Friday roundup: Dolphins owner seeks Formula One tax break, Tacoma okays soccer subsidies, plus vaportecture from around the globe!

Happy coronavirus panic week! What with stadiums in Europe being closed to fans and stadium workers in the U.S. testing positive for the virus, it’s tough to think of much right now other than what song to wash your hands to for 20 seconds (this is my personal preference). But long after we’re done with our self-quarantines, the consequences of sports venue spending will live on, so to the week’s news we go:

  • Miami Dolphins owner Stephen Ross is seeking a sales-tax exemption for tickets to Formula One racing events at his stadium, saying that without it, Miami might not get a Grand Prix. The tax break is expected to cost the state between $1.5 million and $2 million per event, but Formula One officials say each race would generate an economic impact of more than $400 million, and what possible reason would they have to lie about a thing like that?
  • The Tacoma city council voted 8-1 on Monday to approve spending on a $60 million, 5,000-seat stadium for the Reign F.C. women’s pro soccer team. According to a letter of intent approved by the council, the city will provide $15 million, while the city parks agency will provide $7.5 million more, with perhaps another $20 million to come from federal tax credits for investing in low-income communities. The parks body still has to vote on the plan on Monday as well; given that Metro Parks commissioner Aaron Pointer — who is also a former Houston Astro and a brother of the Pointer Sisters — said he doesn’t see “really any benefits at all” for the city or its parks, it’s fair to say that the vote there will be more contentious than the one in the city council.
  • Brett Johnson, the developer behind a proposed $400 million development in Pawtucket centered around a pro soccer stadium, says he has lots of investors eager to parks their capital gains in his project tax-free under the Trump administration’s Opportunity Zone program, but it might take a while to work out all the details because reasons. But, he added, “My confidence is very high,” and confidence is what it’s all about, right?
  • Nashville’s Save Our Fairgrounds has filed for a court injunction to stop work on a new Nashville S.C. stadium, on the grounds that no redevelopment of the state fairgrounds can take place without a public voter referendum. This brings the total number of lawsuits against the project to … umpteen? I’m gonna go with umpteen.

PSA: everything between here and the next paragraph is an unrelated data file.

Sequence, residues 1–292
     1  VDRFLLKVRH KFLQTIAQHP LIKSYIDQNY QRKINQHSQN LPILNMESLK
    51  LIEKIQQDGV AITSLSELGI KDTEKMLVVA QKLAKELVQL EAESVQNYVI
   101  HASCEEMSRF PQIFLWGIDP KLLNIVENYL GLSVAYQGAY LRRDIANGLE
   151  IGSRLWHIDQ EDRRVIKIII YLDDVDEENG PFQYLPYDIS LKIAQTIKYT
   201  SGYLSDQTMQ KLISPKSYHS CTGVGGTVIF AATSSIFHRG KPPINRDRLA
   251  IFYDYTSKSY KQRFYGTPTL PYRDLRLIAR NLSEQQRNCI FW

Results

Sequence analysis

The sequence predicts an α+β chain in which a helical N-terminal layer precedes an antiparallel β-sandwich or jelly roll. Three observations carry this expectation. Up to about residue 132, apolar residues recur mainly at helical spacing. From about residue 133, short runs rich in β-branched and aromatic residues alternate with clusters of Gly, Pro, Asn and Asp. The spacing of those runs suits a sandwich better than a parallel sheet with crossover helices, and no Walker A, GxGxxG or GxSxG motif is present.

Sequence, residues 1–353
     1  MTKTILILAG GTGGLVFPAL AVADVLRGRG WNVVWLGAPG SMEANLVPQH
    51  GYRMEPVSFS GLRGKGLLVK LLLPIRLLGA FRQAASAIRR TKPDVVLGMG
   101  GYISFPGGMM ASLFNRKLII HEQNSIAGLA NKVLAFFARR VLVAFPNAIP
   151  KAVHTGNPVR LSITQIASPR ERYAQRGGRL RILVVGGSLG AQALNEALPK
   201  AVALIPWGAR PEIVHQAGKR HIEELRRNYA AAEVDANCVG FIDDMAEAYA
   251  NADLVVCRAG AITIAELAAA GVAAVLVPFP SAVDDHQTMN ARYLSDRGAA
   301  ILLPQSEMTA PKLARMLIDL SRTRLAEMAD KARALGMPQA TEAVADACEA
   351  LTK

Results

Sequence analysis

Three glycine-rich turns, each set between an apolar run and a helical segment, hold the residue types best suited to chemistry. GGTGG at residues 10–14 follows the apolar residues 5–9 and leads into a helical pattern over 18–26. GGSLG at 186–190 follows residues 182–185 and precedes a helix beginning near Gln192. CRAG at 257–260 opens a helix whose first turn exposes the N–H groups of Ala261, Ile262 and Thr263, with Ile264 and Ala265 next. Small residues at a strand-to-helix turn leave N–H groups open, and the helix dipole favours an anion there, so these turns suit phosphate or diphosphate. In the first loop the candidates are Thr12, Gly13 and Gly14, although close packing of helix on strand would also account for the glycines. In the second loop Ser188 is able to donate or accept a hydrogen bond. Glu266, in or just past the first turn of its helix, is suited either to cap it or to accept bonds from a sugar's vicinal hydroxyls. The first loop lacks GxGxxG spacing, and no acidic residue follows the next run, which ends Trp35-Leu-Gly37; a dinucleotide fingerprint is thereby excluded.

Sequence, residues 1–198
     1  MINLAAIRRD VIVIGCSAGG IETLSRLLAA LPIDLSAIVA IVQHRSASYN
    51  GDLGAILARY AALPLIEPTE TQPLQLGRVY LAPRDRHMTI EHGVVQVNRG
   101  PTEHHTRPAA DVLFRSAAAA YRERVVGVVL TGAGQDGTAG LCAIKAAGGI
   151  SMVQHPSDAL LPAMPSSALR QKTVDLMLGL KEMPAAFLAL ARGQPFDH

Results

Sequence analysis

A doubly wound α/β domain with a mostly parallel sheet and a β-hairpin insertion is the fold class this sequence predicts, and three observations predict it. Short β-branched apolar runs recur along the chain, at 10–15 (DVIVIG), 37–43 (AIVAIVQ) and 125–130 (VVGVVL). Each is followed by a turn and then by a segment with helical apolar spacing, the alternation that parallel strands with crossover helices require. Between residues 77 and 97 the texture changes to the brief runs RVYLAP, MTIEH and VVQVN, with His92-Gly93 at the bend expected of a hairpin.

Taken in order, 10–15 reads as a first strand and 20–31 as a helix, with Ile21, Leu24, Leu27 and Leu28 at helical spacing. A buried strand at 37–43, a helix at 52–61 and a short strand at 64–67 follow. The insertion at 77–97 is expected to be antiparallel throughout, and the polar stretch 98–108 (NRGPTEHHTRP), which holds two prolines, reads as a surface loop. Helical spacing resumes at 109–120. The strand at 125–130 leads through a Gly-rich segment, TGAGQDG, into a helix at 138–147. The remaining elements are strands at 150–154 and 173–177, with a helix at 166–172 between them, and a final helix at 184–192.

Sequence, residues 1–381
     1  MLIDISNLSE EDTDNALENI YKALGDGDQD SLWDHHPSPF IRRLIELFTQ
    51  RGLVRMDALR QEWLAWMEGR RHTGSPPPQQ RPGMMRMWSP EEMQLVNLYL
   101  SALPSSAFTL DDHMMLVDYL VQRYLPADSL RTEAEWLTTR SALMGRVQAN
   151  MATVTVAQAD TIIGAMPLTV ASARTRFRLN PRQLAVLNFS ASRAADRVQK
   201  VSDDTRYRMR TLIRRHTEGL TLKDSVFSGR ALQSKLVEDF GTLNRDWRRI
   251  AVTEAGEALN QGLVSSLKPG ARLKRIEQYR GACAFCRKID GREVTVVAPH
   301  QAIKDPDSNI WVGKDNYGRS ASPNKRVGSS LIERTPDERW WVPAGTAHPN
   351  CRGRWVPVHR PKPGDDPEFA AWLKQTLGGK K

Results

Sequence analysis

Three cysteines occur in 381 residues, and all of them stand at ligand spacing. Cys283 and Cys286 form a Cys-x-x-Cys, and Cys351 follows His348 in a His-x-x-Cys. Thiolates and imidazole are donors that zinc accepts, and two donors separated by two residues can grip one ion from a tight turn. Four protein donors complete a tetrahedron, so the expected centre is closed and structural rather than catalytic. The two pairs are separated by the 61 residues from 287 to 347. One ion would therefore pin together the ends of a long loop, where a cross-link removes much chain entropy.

• There’s now an official lawsuit against the Anaheim city council for voting on a Los Angeles Angels stadium land sale without sufficient public meetings. The People’s Homeless Task Force is charging that holding most of the sale talks in private violated the state’s Brown Act on transparency; the city’s lawyers responded that “there could be a myriad of reasons” why the council was able to vote on the sale at a single meeting in December despite never discussing it in public before that, though they didn’t suggest any specific reasons.
  • Wondering what vaportecture looks like outside of North America? Here’s an article on Watford F.C.‘s proposed new stadium, though if you aren’t an Athletic subscriber you’ll be stuck with just the one image, though given that it’s an image of Watford fans stumbling zombie-like into the stadium out of what appears to be an open field, really what more do you need?
  • There are some new renderings of the St. Louis MLS team‘s proposed stadium, and once again they mostly feature people crossing the street, not anything having to do with watching soccer. Are the clip art images of people throwing their hands in the air for no reason temporarily out of stock or something?
  • Here are photos of a 31-year-old arena being demolished, because America.
  • The Minnesota Vikings‘ four-year-old stadium needs $21 million in new paneling on its exterior, because the old paneling was leaking. At least the stadium’s construction contractors will be footing the bill, but it’s still an important reminder that “state of the art” isn’t necessarily better than “outmoded,” especially when it comes to new and unproven designs.